Thursday, December 17, 2009
Monitoring the Truth About Tobacco Use in Children
The Monitoring the Future Study, based at the University of Michigan, just released its report on youth tobacco, alcohol and drug use in 2009. In October, I discussed previous findings from the MTF study.
With respect to alcohol use among 12th graders, the new report is very similar to that of the previous year. A whopping 44% of 12th graders had used alcohol, and 27% had been drunk during the past 30 days. Obviously, this put them at immediate and potentially life-threatening risk for alcohol poisoning, motor vehicle and other accidents.
The findings for cigarette use in 2009 were also similar to those from 2008; 20% of 12th graders had smoked in the past 30 days.
In 2009, smokeless tobacco use among 12th graders increased to 8.4% from 6.5% in 2008. At first glance, that appears to be a big jump, but MTF did not find it statistically significant. In fact, MTF did not mention smokeless tobacco in its press release. Despite a paucity of evidence, anti-tobacco fanatics have already decided who is to blame. John Spangler, a tobacco prohibitionist from Wake Forest University who has a National Cancer Institute grant to study smokeless tobacco use among college students, claims that increased marketing of smokeless tobacco likely has had some effect on teenagers.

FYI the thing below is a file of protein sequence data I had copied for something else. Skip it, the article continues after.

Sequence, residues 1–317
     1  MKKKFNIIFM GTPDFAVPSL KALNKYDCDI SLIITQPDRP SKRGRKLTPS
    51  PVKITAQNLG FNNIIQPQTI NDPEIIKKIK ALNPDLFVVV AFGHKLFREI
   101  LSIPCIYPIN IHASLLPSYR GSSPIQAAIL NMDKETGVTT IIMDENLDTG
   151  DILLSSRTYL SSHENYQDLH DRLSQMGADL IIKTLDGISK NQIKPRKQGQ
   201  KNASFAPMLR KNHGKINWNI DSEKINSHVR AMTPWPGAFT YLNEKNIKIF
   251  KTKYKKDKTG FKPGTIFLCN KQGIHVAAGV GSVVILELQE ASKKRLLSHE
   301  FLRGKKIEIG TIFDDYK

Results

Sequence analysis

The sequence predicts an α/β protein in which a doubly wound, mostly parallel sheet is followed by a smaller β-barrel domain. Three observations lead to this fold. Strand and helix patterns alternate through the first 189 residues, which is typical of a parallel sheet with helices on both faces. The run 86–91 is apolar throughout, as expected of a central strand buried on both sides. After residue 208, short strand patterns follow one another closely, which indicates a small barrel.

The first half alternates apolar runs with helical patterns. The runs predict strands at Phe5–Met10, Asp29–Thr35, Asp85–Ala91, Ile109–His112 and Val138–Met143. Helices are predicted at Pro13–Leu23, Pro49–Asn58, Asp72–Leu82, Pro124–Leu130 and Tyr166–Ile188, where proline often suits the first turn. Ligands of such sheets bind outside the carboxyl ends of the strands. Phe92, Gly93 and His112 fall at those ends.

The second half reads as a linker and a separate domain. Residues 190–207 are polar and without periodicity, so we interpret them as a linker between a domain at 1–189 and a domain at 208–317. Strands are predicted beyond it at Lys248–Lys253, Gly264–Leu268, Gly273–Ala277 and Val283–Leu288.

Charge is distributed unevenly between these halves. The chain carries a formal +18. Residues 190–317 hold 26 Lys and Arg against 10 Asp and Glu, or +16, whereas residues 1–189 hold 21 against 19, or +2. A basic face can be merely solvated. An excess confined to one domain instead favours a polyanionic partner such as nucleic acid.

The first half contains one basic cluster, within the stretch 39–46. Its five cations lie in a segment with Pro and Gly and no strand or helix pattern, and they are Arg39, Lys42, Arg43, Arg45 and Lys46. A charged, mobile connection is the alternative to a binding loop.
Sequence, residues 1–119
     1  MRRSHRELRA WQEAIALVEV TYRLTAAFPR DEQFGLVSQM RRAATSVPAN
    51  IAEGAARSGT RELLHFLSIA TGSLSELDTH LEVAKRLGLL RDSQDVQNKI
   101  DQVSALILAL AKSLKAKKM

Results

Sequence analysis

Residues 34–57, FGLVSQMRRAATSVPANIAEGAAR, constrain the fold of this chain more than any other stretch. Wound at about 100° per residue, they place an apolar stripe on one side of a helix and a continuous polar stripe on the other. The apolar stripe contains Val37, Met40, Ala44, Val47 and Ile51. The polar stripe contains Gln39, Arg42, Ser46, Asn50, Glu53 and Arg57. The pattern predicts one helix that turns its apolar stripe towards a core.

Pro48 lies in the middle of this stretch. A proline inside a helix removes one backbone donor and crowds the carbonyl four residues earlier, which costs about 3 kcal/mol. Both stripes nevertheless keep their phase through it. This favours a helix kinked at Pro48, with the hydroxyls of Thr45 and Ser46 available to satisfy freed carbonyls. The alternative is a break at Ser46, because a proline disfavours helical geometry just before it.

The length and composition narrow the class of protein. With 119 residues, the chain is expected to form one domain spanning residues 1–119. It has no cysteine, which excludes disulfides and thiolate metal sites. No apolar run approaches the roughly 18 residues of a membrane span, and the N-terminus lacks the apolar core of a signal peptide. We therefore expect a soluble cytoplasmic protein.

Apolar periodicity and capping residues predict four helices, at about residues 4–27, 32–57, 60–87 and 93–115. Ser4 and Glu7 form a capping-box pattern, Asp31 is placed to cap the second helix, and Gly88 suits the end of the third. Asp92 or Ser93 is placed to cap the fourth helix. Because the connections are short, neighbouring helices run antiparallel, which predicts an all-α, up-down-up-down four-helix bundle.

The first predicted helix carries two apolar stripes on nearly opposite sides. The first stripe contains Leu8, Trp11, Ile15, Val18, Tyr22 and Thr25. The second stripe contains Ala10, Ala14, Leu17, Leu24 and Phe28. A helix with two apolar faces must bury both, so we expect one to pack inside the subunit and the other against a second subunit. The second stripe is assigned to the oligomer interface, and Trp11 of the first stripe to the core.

Matt Myers, president of prohibitionist Campaign for Tobacco Free Kids, is certain that tobacco companies are to blame: “This increase coincides with the introduction of numerous new smokeless tobacco products and a big increase in smokeless tobacco marketing…These new products no doubt appeal to kids because they are easy to conceal, carry the names of youth-popular cigarette brands, and come in candy-like forms and flavors. More than 60 percent of smokeless marketing is spent on price discounts, including coupons, that make smokeless tobacco products more affordable and appealing to price-sensitive youth customers.”
Anti-tobacco fanatics have developed a brilliant strategy for dealing with ANY new research findings about tobacco use: If it’s good, take credit; if it’s bad, blame the industry.
This strategy has an intuitive appeal, and it pits the public health “angels” against the tobacco industry “demons.” But it doesn’t set a very good precedent for the application of scientific principles to public health policy. And it breaks down after applying even a small dose of common sense.
MTF also reported that past 30-day use of marijuana among 12th graders was higher in 2009 than use of cigarettes (20.6% vs. 20.1%). Perhaps anti-tobacco fanatics can answer this question: Which industry is responsible for marijuana use among children?
Any use of drugs, most importantly alcohol, among children is a major problem that should concern every American. We need to better understand the social and behavioral reasons why children experiment and adopt substance use, and we need interventions that are tailored to the relative impact of each substance on children’s health. With these rational guidelines, smokeless tobacco is at the bottom of the priority list.